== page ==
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New U.K. Surveillance Law Will Have Worldwide Implications

Even if you don’t live in Britain, the U.K.’s new “Snooper’s Charter” is worth watching. It could inspire other democratic nations to adopt aggressive surveillance policies.
January 20, 2017

Civil rights advocates are up in arms over a sweeping new digital surveillance law in the United Kingdom, and not just because they say it intrudes on the privacy of people in the U.K. Some worry that the law sets an example other democratic nations will be tempted to follow.

The legislation, which passed in late November and replaced the old surveillance law at the beginning of this year, is called the Investigatory Powers Act (or, by its critics, the “Snooper’s Charter”). It enshrines broad new authority for U.K. law enforcement and intelligence agencies to conduct online surveillance, hack into devices deemed relevant to investigations, and make technology companies provide access to data about their users—even by forcing them to change the design of products. It also gives investigators the authority to use these powers in “bulk,” meaning they can access large data sets that may include information about people not relevant to investigations. They can even hack into devices owned by people who are not suspects in a crime.

Opponents take issue with many parts of the legislation, but the most high-profile fight is over a new authority for the government to compel Internet service providers to retain “Internet connection records”—including websites visited or mobile apps used, the times they were accessed, and the duration of use—for up to 12 months for all their customers. Investigators won’t need a warrant from a judge to access this data. “There is no state in the Western democratic world that has anything similar,” says Eric King, a visiting lecturer on surveillance law at Queen Mary University of London and former deputy director of Don’t Spy on Us, a coalition of nongovernmental organizations that advocates for surveillance reform.

The U.K. has been pioneering government-imposed data retention (though it has already been common in authoritarian countries). In 2006, it was instrumental in crafting an EU regulation that required member states to store their citizens’ telecommunications data for a minimum of six months. In 2014, however, the EU’s highest court ruled that the regulation violated privacy rights. Since then, the U.K. has failed to create a data retention regime that has stood up in court.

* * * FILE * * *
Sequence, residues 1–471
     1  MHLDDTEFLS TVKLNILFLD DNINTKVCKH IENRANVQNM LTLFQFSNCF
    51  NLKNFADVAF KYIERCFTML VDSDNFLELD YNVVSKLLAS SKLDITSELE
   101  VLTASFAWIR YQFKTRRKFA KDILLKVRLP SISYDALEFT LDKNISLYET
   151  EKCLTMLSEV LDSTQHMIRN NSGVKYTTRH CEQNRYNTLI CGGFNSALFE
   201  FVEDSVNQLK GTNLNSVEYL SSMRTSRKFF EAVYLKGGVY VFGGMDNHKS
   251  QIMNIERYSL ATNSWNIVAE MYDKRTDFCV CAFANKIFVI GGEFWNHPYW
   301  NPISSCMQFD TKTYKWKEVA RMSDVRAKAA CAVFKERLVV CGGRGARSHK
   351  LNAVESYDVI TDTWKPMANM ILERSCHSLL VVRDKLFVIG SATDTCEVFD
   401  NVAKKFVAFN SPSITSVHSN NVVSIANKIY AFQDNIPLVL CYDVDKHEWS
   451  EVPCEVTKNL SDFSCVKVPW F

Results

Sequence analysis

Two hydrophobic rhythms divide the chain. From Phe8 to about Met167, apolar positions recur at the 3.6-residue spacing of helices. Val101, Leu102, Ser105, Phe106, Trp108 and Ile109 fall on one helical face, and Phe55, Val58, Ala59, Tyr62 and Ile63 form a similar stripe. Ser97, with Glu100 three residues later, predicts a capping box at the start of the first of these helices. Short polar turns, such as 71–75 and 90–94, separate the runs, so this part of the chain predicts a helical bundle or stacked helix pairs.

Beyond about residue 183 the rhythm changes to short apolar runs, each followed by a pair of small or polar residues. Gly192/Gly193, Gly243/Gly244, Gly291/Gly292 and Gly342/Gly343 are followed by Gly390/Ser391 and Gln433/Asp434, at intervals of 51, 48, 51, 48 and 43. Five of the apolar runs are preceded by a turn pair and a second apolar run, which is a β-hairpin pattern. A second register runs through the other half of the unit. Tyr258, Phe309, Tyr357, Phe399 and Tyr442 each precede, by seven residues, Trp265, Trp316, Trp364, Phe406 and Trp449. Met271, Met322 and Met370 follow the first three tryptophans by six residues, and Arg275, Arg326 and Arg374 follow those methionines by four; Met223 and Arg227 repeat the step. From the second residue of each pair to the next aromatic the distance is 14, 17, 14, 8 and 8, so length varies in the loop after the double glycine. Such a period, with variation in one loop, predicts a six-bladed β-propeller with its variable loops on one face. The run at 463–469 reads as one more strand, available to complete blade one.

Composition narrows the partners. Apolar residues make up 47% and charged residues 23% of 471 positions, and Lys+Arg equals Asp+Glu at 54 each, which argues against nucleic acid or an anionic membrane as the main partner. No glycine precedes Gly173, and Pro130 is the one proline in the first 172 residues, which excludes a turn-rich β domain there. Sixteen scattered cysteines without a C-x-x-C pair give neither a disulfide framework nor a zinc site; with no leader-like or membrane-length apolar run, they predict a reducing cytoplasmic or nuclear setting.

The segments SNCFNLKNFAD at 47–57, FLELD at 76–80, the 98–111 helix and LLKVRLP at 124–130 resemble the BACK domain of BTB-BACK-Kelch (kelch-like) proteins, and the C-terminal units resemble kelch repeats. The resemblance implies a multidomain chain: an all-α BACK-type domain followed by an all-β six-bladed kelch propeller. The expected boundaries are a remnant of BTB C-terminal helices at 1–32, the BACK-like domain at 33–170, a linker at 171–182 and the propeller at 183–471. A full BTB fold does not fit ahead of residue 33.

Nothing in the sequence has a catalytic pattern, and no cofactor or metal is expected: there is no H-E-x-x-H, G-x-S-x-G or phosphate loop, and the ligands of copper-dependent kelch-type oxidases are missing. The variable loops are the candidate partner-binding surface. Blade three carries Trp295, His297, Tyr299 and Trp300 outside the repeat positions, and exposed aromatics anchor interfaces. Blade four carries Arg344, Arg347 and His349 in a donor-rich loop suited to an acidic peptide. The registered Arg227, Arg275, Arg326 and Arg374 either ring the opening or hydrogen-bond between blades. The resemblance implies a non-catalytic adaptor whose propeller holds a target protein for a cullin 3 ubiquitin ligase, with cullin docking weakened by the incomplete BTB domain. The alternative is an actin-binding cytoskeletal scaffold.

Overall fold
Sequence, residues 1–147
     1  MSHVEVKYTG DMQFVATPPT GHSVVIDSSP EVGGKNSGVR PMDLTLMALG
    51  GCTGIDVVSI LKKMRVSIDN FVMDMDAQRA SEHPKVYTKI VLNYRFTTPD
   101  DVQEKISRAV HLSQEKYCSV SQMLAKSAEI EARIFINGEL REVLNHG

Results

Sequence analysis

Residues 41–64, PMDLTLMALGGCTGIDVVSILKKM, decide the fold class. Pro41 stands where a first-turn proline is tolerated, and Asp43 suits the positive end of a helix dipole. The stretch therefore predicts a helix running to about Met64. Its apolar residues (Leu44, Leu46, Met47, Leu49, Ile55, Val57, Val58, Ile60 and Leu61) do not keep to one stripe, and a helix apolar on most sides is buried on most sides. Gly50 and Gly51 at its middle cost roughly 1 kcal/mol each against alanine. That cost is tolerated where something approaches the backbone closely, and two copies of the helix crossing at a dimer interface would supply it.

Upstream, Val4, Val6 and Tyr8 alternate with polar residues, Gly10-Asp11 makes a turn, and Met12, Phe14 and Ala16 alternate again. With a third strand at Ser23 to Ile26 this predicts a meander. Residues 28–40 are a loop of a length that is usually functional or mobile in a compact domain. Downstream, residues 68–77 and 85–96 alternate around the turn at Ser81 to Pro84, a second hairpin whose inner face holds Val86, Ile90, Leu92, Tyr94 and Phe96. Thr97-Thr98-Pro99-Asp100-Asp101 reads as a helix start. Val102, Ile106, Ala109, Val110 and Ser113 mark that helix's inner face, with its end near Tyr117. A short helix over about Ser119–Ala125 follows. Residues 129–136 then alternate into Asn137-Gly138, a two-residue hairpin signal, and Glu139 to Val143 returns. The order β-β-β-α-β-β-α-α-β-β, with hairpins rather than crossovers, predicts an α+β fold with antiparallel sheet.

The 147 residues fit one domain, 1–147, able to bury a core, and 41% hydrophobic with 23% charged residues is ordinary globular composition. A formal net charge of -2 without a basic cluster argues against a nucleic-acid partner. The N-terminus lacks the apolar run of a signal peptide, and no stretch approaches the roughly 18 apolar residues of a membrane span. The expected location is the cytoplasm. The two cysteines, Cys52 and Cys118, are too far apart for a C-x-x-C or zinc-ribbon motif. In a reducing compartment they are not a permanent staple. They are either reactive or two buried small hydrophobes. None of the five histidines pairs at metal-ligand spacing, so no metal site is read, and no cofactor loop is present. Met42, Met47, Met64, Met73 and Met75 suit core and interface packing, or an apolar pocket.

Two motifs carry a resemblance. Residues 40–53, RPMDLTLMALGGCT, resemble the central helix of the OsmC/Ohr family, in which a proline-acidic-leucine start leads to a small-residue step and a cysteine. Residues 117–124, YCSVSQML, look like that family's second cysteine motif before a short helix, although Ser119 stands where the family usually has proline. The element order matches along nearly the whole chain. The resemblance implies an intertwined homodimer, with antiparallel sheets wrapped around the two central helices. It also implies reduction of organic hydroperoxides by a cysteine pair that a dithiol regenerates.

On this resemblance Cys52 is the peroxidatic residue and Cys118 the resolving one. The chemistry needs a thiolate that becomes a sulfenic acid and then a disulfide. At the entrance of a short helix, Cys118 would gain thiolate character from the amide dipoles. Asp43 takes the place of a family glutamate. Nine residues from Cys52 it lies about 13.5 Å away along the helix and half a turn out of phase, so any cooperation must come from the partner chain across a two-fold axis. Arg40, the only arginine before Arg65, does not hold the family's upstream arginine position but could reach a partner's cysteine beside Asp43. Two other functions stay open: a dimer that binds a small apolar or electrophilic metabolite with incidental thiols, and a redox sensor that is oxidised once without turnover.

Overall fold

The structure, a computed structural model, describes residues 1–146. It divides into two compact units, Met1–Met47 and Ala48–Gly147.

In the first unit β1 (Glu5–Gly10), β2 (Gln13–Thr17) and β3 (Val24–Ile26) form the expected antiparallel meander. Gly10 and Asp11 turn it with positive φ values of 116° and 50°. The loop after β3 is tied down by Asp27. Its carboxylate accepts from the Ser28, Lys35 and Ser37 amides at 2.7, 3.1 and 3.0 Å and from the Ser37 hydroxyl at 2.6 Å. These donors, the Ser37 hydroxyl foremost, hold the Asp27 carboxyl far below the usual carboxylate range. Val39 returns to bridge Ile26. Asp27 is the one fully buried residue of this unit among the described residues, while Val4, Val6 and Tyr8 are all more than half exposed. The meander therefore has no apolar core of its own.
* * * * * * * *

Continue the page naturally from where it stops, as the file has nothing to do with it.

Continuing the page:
Brazil and Australia have also recently instituted data retention laws. The U.S. has not, but the U.S. Department of Justice has advocated for mandatory data retention before, as have members of Congress. After the Snowden revelations, President Obama issued a policy directive limiting bulk data collection by the federal government itself. But Donald Trump could rescind that or work with Congress to require Internet service providers to retain data so investigators could access it later—a step that would be modeled on the U.K. legislation. “If the Trump administration wants to expand its surveillance powers, or seek sanction for more aggressive use of its existing powers, it could unfortunately point to the U.K.’s new law as precedent,” says Camilla Graham Wood, Privacy International’s legal officer.

Internet service providers already can and do log information about the websites you visit. In the EU the law requires them to get rid of it once it’s not needed. Outside the EU, the amount of time that ISPs retain data varies, and few publicize that information. Time Warner Cable in the U.S. states that it retains IP address logs for up to six months.

Like the ones that came before it, the U.K.’s new data retention requirement could have a hard time surviving the courts, at least as long as the nation remains part of the European Union. Last month, the European Court of Justice ruled that “general and indiscriminate” data retention, as opposed to targeted retention for the purpose of solving a serious crime, violates European privacy law. The ruling doesn’t bode well for the new surveillance law, according to Paul Bernal, a lecturer in information technology, intellectual property, and media law at the University of East Anglia School of Law in the U.K. “There’s going to be a lot of legal fighting over that during the next year or so,” he says.

But even if the provision on data retention is struck down or scaled back, opponents of the measure are alarmed. The say that powers introduced by the bill put the U.K. and nations that may follow its lead on the wrong course for a free and open digital society. Britain’s broad new authority would set a dramatic precedent, says Danny O’Brien, international director for the Electronic Frontier Foundation. Companies would be forced to conduct surveillance or break the privacy protections of devices and services, and they would be compelled to keep those steps secret.

“The idea that you can own and control your own device ceases to become a possibility” if the government can ask for it to be reëngineered to strip away privacy, he says. Compelling a company to weaken or break a privacy tool like encryption would require a warrant. But if the British government could force companies to remain silent in these cases, it would likely prevent the kind of public debate that occurred in the U.S. after the FBI tried to compel Apple in 2016 to write code that would crack open an encrypted iPhone.

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